THE GREAT LAKES: LOVE SONG AND LAMENT
Jerry Dennis, perhaps our premier nature writer of the Great Lakes, says in the shorter of his two essays near the beginning of this special issue that, when he is writing about the lakes, “I don’t know if I’m writing a love song or a lament.”
We have picked Dennis’s phrase as the title to this special issue of Michigan Quarterly Review because so many of the essays, stories, and poems here reflect an uncertain response to this spectacular natural landscape. At one time we can be overwhelmed by the physical presence, the massive amount of fresh water in a world where fresh water is in growing and often desperate demand. At another point we can be awestruck by the beauty that comes from this environment, a sunrise over Lake Huron or a sunset on Lake Michigan, the summer light around the water on the western end of Lake Superior which seems like something found only in Impressionist paintings, even Lake Erie and the parks along its edges that mediate between the water and the industrial cities along its southern and eastern coasts. But we don’t have to think about the lakes very much or explore them very deeply before we are confronted by the devastation of what we have done to them.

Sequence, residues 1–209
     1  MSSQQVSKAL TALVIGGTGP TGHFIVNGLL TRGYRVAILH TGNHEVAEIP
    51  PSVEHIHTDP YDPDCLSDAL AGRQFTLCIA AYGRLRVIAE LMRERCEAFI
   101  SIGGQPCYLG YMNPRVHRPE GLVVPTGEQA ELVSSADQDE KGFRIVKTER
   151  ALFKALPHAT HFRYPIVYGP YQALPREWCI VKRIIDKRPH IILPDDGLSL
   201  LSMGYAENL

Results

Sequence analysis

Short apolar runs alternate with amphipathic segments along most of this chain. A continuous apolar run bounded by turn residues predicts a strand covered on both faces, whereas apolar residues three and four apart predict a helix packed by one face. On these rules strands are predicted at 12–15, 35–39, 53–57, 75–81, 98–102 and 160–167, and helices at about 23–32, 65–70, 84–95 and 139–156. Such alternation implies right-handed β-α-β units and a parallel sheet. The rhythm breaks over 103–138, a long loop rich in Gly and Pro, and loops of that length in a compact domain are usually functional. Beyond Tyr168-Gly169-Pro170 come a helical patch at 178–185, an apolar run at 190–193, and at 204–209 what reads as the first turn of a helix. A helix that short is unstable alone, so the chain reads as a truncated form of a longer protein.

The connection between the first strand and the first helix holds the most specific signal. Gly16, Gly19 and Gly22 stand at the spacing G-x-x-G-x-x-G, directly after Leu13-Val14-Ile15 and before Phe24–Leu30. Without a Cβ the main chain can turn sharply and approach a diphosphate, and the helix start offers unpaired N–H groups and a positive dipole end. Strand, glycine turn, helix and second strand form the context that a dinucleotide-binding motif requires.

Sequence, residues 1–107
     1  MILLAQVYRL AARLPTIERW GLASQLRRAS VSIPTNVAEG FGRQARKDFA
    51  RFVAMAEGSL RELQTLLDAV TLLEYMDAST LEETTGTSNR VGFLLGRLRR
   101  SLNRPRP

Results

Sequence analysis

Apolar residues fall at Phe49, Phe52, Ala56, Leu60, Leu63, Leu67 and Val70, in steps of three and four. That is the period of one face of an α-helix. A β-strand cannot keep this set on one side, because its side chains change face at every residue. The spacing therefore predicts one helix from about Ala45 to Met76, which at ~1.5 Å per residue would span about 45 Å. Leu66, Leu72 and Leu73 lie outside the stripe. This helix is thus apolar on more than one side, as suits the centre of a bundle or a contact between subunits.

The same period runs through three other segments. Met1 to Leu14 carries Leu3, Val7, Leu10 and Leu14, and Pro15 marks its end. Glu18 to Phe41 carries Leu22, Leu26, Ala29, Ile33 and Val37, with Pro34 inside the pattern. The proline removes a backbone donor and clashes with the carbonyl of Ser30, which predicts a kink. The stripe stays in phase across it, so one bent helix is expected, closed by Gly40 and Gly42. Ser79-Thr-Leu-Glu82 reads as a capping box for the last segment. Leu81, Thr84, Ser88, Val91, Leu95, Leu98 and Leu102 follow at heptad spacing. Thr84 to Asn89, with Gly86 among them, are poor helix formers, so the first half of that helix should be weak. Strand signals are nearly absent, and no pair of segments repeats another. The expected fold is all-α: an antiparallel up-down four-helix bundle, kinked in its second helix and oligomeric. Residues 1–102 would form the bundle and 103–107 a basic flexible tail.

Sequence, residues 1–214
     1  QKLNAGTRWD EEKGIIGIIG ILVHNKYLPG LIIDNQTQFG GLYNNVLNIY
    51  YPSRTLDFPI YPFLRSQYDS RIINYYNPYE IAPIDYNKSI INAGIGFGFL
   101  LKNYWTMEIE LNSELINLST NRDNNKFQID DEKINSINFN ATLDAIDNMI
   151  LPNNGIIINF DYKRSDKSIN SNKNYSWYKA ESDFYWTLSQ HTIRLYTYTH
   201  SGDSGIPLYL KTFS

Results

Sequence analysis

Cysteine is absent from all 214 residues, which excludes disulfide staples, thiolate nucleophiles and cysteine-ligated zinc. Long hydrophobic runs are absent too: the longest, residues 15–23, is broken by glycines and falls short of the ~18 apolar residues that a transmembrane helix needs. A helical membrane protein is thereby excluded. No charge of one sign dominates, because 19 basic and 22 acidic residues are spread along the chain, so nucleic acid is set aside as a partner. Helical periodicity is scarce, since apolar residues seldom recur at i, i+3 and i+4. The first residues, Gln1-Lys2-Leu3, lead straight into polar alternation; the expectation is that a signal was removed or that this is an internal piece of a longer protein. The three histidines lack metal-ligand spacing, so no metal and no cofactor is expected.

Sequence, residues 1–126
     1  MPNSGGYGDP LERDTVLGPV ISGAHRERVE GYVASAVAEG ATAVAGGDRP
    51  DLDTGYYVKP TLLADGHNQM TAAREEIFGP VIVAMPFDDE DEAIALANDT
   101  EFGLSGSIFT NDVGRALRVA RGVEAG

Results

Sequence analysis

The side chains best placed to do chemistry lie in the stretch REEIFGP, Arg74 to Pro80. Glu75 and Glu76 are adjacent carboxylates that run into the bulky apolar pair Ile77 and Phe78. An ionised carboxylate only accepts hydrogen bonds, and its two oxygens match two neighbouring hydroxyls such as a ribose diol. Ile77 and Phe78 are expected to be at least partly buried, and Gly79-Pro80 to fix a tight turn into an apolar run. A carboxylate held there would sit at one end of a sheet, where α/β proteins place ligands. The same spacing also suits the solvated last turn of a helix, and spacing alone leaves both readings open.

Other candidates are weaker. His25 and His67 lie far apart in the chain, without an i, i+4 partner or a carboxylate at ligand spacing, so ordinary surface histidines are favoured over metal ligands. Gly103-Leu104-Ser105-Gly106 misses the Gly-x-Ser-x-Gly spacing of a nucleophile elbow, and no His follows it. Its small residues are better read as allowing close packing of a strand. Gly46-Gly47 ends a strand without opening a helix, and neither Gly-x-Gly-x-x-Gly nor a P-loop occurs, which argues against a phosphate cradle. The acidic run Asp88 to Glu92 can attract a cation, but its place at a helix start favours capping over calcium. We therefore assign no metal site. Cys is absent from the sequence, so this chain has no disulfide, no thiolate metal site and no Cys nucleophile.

Something like this, a special issue of an academic and literary publication, cannot hope to do much more than contribute to the ongoing discussions of the issues that swirl through the waters of our Great Lakes, and to do so by offering narratives and descriptions. But if anything written here can remind any of us of the necessity for action or even of the presence of the natural beauty of this watery region, then the effort is almost certainly of some kind of use.
Essays by Jerry Dennis, Anna Vodicka, Keith Taylor, John Knott, Alison Swan, Tiya Miles, Julia Gibson
Poetry by Albert Goldbarth, Margaret Noori, Holly Wren Spaulding, Ruth Joynton, M. Bartley Seigel, Terry Blackhawk, John Repp
Fiction by Steve Amick and Devin Murphy
Color portfolio: full-color photos of the Great Lakes basin selected from the exhibition “The Primacy of Water” curated by the River Gallery of Chelsea, Michigan
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